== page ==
Well I think they are and I think what happened in the Parliament yesterday was that the Government has steered this whole topic into a dead end street. You hear talk of compromise, there was no compromise from the Government. The Government wanted a bill where it could send people wherever it wanted. The Coalition said no no, we’ve signed up to certain responsibilities to take care of people that come into our care and if we’re going to outplace people for processing somewhere else, we don’t all of a sudden give away that need to care for them. That’s what the discussion was. The Coalition hasn’t insisted on Temporary Protection Visas, yet you know we support that. The Coalition hasn’t insisted on turning around boats where it’s safe and the boats are navigable and that’s an appropriate thing to do, we haven’t insisted on that. We support offshore processing, but we support offshore protection. It’s like when your kids go to someone else’s house, you don’t stop being a parent. You’ve still got responsibilities for those people that are in your care. Yet the Government says it doesn’t want to be constrained by a continuum of care if we send people offshore. So what we’ve asked for, our compromise, is to send people to places where there is a certainty of care because they’re signatories to the convention. The very same point the Prime Minister made before the election when she promised people wouldn’t be sent to anywhere that wasn’t a convention signatory. We’ve made enormous compromises, but the Prime Minister has driven this into a cul-de-sac where it’s her way or no way and basically dared the Parliament to disagree with her knowing there was a package of policies under the Howard Government that worked. The Australian public know that, Nauru, Temporary Protection Visas, turning around the boats where it is safe to do so, it worked. We had fewer boats in 6 years, fewer refugee applicants in 6 years than we’ve had in 6 weeks. Now we see this argument about sending people where, you know, sending 13 year olds to Malaysia without any certainty of care, what kind of a responsibility is that?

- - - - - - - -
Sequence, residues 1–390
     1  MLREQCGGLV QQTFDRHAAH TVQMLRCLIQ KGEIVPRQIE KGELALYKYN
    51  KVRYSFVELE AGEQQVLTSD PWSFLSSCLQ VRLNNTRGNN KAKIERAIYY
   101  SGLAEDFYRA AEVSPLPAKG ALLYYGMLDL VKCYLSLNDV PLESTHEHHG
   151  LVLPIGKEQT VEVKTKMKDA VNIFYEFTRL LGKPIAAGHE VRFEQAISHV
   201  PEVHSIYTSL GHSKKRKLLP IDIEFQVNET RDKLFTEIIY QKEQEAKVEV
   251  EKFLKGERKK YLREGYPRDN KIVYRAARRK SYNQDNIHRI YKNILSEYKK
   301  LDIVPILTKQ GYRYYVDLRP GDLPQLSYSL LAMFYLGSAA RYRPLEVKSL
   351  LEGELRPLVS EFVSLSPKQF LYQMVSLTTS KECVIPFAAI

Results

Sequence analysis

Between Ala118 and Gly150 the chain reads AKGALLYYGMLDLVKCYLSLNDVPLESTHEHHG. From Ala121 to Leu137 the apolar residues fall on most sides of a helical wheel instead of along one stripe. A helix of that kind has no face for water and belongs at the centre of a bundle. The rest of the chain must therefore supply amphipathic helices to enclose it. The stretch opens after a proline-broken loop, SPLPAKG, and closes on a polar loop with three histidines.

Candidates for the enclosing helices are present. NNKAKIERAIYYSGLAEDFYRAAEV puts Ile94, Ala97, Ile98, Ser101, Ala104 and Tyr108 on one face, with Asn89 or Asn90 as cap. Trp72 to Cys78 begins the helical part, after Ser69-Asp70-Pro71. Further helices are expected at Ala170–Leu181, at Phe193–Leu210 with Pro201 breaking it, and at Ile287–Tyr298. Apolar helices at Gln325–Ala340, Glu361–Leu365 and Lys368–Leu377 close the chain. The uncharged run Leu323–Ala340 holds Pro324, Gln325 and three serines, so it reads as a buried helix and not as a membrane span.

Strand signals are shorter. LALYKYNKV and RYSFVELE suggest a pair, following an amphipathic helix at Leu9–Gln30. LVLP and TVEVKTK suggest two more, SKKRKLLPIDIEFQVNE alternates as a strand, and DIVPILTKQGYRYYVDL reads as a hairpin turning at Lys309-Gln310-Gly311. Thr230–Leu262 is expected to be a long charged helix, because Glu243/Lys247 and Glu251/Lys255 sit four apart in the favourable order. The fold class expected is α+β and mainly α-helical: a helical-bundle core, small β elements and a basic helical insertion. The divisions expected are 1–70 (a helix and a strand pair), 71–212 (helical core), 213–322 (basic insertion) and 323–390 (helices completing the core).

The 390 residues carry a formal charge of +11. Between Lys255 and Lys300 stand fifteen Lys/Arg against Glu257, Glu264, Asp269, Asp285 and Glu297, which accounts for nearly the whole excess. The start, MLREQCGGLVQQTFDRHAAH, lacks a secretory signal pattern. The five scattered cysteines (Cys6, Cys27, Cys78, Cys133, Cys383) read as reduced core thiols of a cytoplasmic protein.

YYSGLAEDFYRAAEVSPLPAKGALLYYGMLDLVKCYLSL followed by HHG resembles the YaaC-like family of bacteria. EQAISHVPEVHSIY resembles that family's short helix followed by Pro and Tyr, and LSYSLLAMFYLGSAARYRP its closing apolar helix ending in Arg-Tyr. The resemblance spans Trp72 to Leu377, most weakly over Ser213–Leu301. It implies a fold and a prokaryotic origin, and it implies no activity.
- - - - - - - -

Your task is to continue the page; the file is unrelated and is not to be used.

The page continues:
We’ve only got 1 minute left because we’ve had Chris Bowen and Joe Hockey it’s a busy morning, 1 minute left 30 seconds each, just please keep it tight.
This is just hypocrisy. All this talk about the convention, let’s not forget that when the Howard solution was in place, Nauru was not a signatory to the treaty. Let’s not forget that when you turn a boat around and try to take it back into Indonesian shores, firstly, Indonesia is not a signatory, secondly if you’re really serious about trying to take away the threat to life at sea, who on earth would want to board boats on the high seas and turn them around? How can you say you’re serious about saving lives?
Bruce your response.
It’s quite simple, in Nauru it was Australians looking after Australia’s responsibility to those in care. We had a legal requirement, you’ve had a good go David, a legal requirement that the Government couldn’t meet and that’s why the High Court struck down their bill. In terms of the turnarounds, these are Indonesian flagged boats from Indonesian ports with Indonesian captains, doing their own thing in international waters, they can go back to Indonesia which is where people went in the first place, not subject to persecution, not in our care, but when they are we need to make sure we uphold our responsibilities.
Gentlemen we are out of time, we only had a brief chat with Chris and Joe Hockey this morning, but thanks for your time.